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United Auto Writers/Democrats: Don't Advertise Here/JFK, the Era


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United Auto Writers

If you choose to think of the writers of America as artisans encumbered by nothing save their allegiance to truth and beauty, then news of their new alliance might discomfort you. If you happen to be a publisher accustomed to regarding writers as rabble grateful for whatever coins you toss them, your unease could be acute.

Founded ten years ago to represent the nation's free-lance writers, the National Writers Union has limped along shy of money and muscle. But on January 1 the NWU (membership 3,100) became Local 1981 of the United Auto Workers (membership one million).

Last June a passionate debate on joining the UAW ended in a surprisingly lopsided 64-to-5 vote of the delegates' assembly of the NWU to take what one delegate called an "existential leap of faith." Secretary-treasurer Bruce Hartford of San Francisco was among those who urged the delegates to swallow their fears. "Affiliation is betting the future of the union," he declared. "I'm going to vote for affiliation--and I hate the idea! It's a better gamble than small mistakes and small risks."

Later we asked Hartford about his reservations. "What I thought was important and powerful about the Writers Union is that we're really pioneering new kinds of organizations," he said. "We're trying to organize a class of workers who've never been organized before. We're not even defined in the laws as workers. I thought our strength was in innovation. I felt being part of a very large organization would hinder that innovation rather than help it."

Yet he voted to merge. The UAW is a progressive union, Hartford explained, and it offered the writers "far more autonomy" than he'd expected. What's more, life had taught him a lesson. "A long time ago I was a civil rights worker. In those days we felt the injustices we were dealing with were so obvious that if we simply called them to people's attention they would be corrected. That turned out not to be the case.

"Some of us entered the NWU with the same naive idealism--that the abuses we are trying to correct are so egregiously unfair and contrary to modern business practices that 'All right, we'll raise these issues and get somewhere.'"

It hasn't happened. Consider the NWU campaign to change the boilerplate of book contracts. The standard contract allows a publisher to decree a manuscript unsatisfactory and demand a return of the advance. The NWU seeks some kind of arbitration to determine whether the manuscript truly doesn't measure up or whether--and this is often the case--the publisher simply has lost interest in the book and doesn't want to publish it anymore.

The NWU is after a standard book contract along the lines of one signed by the Penguin Group and the much older and stronger British Writers Union. Give us the same terms, the NWU asked Penguin USA, which hasn't budged. "A small crafts union alone does not have the resources to deal with these multinational corporations," said Hartford.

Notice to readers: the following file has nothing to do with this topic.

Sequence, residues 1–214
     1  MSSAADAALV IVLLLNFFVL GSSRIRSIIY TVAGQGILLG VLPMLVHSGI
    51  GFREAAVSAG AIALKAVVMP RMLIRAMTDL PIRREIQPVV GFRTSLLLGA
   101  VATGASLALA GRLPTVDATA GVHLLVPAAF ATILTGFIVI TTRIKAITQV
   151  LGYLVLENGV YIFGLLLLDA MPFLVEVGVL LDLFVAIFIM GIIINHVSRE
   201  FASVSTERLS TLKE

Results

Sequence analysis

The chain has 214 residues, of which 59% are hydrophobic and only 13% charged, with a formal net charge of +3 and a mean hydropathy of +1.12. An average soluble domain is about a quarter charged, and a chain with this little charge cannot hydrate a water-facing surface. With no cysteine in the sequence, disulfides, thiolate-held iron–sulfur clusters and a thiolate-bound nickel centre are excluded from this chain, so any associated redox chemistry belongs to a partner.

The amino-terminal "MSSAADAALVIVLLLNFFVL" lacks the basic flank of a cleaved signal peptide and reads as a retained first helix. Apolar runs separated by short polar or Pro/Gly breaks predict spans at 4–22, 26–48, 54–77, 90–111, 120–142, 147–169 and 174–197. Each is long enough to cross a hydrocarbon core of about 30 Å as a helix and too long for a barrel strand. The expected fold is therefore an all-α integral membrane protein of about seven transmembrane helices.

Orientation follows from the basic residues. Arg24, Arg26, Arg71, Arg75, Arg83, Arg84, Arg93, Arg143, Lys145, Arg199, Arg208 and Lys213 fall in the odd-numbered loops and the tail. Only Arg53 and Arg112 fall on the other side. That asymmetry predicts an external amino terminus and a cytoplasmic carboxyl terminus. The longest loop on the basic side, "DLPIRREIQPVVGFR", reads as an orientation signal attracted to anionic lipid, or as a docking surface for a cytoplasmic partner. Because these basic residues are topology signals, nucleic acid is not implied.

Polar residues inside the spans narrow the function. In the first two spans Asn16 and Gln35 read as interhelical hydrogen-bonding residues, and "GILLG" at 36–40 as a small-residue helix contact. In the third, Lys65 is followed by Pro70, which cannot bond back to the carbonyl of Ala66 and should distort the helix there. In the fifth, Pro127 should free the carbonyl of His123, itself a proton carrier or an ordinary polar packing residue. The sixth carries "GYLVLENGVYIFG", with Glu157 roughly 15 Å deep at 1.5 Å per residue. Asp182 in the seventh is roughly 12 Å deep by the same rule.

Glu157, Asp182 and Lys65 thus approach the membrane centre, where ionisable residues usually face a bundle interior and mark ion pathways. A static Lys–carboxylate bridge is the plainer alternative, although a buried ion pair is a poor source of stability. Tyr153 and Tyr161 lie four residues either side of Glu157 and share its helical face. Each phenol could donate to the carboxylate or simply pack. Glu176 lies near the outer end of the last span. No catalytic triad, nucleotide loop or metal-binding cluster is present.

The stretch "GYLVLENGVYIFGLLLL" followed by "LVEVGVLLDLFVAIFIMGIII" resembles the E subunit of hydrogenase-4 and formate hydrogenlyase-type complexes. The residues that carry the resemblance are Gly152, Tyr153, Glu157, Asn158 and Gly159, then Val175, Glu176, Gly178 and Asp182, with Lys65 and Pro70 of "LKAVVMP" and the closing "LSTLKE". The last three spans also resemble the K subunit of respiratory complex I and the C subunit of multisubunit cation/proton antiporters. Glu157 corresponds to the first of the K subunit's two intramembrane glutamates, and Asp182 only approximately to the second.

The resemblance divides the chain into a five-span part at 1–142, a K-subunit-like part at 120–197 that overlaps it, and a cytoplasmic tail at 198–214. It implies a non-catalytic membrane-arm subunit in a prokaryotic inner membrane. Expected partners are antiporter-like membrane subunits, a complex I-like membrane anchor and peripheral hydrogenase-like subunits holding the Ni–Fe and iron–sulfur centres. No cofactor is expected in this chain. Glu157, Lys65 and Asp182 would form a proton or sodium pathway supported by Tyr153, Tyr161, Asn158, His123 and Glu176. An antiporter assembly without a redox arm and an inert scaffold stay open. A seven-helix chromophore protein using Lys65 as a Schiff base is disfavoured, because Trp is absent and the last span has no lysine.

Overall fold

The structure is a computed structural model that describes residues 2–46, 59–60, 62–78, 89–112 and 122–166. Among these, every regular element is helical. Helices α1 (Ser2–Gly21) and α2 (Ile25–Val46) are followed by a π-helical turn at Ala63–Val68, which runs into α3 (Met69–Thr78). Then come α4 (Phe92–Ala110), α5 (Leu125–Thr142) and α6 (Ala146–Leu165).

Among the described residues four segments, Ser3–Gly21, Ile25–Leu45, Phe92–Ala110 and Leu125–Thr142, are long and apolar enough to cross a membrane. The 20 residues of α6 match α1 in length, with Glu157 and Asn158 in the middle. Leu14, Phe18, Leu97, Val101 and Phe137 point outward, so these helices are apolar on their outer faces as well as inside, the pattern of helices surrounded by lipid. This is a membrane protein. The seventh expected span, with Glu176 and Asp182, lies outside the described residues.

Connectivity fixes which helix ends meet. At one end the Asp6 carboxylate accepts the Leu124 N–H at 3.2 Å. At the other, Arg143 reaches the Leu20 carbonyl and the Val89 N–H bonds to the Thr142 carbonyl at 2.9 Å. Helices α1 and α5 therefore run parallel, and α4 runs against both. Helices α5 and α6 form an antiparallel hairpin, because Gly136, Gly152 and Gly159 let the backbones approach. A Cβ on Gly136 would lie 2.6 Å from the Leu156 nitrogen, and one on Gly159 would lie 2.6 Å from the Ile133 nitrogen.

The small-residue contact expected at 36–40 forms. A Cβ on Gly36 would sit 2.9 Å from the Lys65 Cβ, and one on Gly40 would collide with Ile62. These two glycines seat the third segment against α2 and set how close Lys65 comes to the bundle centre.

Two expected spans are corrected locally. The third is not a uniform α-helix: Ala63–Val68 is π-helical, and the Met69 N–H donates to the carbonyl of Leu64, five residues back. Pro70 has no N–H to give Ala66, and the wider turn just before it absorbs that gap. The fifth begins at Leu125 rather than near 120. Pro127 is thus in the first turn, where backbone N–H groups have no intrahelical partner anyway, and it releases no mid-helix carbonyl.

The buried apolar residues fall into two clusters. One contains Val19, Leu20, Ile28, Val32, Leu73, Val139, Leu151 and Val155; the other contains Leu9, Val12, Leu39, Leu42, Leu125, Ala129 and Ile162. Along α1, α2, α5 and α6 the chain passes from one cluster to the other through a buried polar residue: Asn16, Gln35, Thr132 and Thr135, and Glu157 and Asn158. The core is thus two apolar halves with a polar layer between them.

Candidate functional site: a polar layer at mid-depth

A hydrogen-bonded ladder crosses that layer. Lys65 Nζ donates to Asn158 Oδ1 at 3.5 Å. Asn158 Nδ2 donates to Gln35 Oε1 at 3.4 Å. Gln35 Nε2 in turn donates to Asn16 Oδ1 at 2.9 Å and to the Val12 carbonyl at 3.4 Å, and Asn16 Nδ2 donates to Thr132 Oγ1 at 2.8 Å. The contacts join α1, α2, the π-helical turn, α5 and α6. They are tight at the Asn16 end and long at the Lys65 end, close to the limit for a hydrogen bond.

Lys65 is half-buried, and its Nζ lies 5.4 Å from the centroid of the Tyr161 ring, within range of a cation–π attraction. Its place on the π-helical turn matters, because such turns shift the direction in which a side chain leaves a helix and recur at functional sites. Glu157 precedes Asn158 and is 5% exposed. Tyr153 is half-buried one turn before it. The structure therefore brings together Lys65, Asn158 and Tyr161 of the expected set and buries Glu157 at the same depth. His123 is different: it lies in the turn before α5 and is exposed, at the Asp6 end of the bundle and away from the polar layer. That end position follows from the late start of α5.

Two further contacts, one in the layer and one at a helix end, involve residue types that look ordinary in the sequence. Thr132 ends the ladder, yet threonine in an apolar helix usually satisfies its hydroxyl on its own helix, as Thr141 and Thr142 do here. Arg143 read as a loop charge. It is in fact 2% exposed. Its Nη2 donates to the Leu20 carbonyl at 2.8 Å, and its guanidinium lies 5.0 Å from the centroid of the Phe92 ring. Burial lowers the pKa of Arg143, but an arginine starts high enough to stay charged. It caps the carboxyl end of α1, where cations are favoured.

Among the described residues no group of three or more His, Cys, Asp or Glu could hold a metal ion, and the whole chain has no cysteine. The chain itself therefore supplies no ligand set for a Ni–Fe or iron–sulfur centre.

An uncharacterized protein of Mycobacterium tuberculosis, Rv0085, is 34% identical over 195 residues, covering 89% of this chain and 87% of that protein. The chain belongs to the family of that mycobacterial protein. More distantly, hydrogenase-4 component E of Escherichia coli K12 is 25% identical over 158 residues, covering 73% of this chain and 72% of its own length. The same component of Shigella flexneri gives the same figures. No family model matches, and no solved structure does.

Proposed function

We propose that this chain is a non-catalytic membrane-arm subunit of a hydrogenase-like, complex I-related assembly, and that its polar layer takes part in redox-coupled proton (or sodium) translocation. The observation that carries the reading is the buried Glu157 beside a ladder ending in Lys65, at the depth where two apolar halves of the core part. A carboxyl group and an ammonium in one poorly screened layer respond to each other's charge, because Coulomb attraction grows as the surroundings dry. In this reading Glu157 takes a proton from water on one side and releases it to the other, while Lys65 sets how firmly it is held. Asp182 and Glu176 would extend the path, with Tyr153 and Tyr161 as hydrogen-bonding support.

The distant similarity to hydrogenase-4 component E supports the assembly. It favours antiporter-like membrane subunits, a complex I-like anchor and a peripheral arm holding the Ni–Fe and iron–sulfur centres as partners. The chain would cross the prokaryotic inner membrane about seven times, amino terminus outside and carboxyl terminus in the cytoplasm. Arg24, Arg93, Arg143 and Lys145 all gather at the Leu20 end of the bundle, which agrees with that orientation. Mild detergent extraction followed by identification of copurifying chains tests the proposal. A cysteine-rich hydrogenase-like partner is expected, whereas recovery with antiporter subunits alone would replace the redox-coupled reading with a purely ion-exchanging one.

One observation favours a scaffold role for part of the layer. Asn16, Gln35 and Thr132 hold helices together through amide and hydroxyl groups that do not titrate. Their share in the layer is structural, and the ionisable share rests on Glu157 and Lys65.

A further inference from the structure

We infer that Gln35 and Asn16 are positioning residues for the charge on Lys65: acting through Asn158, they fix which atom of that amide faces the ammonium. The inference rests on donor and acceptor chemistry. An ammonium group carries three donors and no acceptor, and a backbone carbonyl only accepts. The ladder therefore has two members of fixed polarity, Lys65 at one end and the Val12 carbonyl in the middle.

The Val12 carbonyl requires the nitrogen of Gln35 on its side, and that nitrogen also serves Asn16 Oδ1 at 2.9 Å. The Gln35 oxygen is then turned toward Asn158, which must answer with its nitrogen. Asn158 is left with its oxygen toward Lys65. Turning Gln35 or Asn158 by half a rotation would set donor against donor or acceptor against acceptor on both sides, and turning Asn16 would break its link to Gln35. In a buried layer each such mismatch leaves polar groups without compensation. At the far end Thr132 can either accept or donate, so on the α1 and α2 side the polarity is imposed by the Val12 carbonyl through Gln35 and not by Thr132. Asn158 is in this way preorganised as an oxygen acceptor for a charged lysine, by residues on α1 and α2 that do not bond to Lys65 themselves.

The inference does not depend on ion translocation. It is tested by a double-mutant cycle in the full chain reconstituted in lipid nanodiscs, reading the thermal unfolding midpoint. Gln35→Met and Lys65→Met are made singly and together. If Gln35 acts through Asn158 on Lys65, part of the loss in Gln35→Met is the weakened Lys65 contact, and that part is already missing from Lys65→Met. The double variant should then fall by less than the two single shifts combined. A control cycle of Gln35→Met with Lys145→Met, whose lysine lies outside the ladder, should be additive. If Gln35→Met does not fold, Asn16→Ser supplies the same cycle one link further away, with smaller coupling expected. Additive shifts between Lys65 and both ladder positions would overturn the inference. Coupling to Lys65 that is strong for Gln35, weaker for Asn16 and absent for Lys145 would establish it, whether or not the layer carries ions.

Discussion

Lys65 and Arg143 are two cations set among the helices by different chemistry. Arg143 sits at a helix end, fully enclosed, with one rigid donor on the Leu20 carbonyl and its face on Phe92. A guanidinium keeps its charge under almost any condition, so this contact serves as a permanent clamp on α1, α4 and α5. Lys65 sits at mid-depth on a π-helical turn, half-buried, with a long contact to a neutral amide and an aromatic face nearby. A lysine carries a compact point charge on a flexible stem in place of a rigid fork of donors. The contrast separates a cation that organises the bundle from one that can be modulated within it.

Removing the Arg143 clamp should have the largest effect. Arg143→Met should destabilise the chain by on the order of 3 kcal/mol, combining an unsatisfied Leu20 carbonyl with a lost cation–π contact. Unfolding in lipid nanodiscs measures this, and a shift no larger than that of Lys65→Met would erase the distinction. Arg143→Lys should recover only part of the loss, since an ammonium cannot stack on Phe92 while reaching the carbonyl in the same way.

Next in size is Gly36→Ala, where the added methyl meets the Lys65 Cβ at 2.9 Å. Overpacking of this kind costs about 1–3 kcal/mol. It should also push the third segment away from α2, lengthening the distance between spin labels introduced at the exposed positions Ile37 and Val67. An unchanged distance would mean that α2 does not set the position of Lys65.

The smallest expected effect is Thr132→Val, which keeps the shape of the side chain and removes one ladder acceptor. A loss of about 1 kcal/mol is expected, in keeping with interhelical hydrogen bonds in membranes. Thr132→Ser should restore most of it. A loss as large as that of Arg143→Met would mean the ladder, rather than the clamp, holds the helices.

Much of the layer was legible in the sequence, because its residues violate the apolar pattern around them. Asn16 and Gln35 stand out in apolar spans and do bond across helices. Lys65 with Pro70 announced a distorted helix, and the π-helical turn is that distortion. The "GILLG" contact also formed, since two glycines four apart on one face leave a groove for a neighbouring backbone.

Voting by mail, the membership approved affiliation with the UAW by a margin of 880 to 233. The terms were pretty irresistible: $35,000 a year from the UAW for each of two full-time organizers (who have evolved into one full-time and two part-time organizers, one devoted to the book campaign) and $10,000 for their expenses, up to $45,000 to pay a job-bank organizer for 18 months, office and meeting space for NWU units around the country, a health-care plan, and use of the UAW's lobbying, research, and legal resources. The NWU gets to set its own dues, preserve its own constitution, take its own political positions, and leave the UAW on 90 days' notice should 60 percent of the membership vote to disaffiliate.

What's in this for the auto workers? we asked Phil Wheeler, director of UAW Region 9A (to which Local 1981 now belongs).

"There doesn't necessarily have to be anything in it for us," said Wheeler. "Hopefully, we're doing it to help them. On the other hand, certainly there'll be things we'll be able to learn from them, such as the fact this is a pretty big group of nontraditional workers they've been pretty successful in organizing."

And it doesn't hurt to have some writers inside your tent, we said.

"The media has not done us any justice," Wheeler told us. "The labor movement gets no mention, no credit. Twenty years ago we were advocating fair health care for all Americans. Nowadays it's become a popular thing. I guarantee you, as this agenda moves forward, if there's anything you hear about the labor movement in all the discussion, it will be negatives, none of the positives. The environment has been a major concern of ours for years. If we get any publicity it will be bad publicity. And you can go on and on. Hopefully, by having more writers a part of us, it will educate them to what we're all about."